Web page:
Including a little Hebrew in an English LaTeX document

I was looking up how to put a little Hebrew inside a LaTeX document and ran across a good answer on tex.


Short answer: use the cjhebrew package.

In a nutshell, you put your Hebrew text between < and > using the cjhebrew package’s transliteration.

You write left-to-right, and the text will appear right-to-left.

For example, <lp> produces using ‘ for א, l for ל, and p for ף.

The code for each Hebrew letter is its English transliteration, with a three exceptions.

First, when two Hebrew letters roughly correspond to the same English letter, one form may have a dot in front of it.

For example, ט and ת both make a t sound; the former is encoded as .

t and the latter as t.

Second, five Hebrew letters have a different form when used at the end of a word [1].

For such letters the final form is the capitalized value of the regular form.

For example, פ and its final form ף are denoted by p and P respectively.

The package will automatically choose between regular and final forms, but you can override this by using the capital letter in the middle of a word or by using a | after a regular form at the end of a word.

Finally, the letter ש is written with a /s The author already used s for ס and .

s for צ, so he needed a new symbol to encode a third letter corresponding to s [2].

Also ש has a couple other forms.

The letter can make either the sh or s sound, and you may see dots on top of the letter to distinguish these.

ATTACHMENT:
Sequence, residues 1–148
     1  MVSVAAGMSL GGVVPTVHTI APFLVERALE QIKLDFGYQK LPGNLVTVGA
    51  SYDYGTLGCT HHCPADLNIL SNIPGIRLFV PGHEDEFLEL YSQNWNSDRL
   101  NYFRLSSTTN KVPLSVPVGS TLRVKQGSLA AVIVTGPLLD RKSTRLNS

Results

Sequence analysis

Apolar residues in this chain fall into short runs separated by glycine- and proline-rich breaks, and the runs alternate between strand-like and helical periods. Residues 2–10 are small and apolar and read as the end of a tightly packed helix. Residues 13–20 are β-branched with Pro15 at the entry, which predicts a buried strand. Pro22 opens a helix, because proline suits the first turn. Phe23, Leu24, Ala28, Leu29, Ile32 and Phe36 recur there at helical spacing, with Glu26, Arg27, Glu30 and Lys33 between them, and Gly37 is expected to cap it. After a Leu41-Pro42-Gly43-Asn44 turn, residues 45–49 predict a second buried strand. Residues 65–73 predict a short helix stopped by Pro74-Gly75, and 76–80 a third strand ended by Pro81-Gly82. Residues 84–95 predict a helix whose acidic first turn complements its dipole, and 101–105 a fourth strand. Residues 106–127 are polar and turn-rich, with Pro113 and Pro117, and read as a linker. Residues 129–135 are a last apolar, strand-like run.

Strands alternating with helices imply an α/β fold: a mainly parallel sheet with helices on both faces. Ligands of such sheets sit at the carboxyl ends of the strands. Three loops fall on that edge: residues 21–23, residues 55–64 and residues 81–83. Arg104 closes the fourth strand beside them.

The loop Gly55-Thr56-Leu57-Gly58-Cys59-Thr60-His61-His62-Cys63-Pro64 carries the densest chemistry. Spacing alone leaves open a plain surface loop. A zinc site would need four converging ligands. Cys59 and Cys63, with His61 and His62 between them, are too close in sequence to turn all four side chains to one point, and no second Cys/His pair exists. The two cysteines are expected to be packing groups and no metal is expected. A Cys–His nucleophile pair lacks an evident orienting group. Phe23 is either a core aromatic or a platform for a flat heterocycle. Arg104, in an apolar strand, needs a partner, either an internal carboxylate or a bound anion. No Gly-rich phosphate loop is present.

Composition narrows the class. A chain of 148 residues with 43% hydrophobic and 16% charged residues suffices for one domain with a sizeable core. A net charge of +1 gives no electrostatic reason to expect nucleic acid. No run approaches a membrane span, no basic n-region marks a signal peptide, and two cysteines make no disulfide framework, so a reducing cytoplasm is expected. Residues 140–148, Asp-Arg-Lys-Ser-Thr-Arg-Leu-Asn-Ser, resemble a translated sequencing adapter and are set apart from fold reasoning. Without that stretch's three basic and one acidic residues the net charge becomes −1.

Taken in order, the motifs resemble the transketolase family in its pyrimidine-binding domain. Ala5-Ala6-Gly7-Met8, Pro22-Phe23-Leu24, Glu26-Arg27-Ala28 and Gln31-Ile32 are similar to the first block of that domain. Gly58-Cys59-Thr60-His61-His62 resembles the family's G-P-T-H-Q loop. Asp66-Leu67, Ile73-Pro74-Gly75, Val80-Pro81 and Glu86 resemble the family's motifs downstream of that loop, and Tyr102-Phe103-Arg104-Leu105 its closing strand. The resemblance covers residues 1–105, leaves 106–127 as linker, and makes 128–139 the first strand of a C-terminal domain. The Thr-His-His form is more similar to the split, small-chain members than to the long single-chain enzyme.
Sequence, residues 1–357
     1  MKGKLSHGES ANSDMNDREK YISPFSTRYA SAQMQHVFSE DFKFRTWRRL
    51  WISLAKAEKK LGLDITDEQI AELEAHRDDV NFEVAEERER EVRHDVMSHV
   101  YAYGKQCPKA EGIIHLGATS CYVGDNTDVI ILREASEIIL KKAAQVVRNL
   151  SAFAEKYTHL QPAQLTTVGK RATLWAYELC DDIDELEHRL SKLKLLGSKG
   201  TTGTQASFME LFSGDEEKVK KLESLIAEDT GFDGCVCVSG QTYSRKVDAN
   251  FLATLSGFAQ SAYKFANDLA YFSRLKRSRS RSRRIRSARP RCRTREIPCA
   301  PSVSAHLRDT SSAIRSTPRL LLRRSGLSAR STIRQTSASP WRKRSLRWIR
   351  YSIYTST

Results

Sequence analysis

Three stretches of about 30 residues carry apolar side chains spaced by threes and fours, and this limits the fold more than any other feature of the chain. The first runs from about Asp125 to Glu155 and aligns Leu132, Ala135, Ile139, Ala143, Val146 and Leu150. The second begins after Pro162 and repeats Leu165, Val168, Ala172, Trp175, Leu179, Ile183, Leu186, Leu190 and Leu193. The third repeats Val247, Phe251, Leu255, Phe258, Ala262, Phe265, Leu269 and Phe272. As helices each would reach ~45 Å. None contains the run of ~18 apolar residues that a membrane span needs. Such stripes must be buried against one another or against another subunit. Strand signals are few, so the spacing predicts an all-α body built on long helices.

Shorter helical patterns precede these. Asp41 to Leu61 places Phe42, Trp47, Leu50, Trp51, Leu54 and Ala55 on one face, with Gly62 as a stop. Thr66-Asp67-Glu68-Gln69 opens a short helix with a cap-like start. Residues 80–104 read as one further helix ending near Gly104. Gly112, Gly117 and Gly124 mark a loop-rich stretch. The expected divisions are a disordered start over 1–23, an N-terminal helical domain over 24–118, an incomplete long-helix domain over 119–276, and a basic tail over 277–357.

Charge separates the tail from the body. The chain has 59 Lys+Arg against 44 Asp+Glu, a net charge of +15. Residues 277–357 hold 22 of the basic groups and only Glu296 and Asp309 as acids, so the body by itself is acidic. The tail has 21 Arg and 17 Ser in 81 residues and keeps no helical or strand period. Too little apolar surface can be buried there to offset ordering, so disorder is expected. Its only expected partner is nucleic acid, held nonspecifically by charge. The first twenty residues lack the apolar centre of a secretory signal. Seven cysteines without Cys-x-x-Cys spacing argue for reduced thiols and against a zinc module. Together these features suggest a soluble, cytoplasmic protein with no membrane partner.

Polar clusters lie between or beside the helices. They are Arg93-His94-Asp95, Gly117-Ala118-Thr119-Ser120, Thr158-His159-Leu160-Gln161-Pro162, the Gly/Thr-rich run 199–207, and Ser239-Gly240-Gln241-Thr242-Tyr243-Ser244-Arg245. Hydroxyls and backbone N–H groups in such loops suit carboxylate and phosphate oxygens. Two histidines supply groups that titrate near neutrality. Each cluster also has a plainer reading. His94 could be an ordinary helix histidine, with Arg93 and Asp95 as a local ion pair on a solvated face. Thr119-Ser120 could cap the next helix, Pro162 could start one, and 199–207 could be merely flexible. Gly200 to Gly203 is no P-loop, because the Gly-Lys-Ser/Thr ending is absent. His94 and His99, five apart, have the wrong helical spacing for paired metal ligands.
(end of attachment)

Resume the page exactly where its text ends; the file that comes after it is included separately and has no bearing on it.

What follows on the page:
The cjhebrew package uses +s for ש with a dot on the top right, the sh sound, and ,s for ש with a dot on the top left, the s sound.

Here is the complete consonant transliteration table from the cjhebrew documentation.

Note that the code for א is a single quote and the code for ע is a back tick (grave accent) `.

You can also add vowel points (niqqud).

These are also represented by their transliteration to English sounds, with one exception.

The sh’va is either silent or represents a schwa sound, so there’s not a convenient transliterations.

But the sh’va looks like a colon, so it is represented by a colon.

See the package documentation for more details.

Related posts Use of Aleph in math Fraktur symbols in math Math symbols in TeX, HTML, and Unicode [1] You may have seen something similar in Greek with sigma σ and final sigma ς.

Even English had something like this.

For example, people used to use a different form of t at the end of a word.

My mother wrote this way.

[2] It would be more phonetically faithful to transliterate צ as ts, but that would make the LaTeX package harder to implement since it would have to disambiguate whether ts represents צ or תס.


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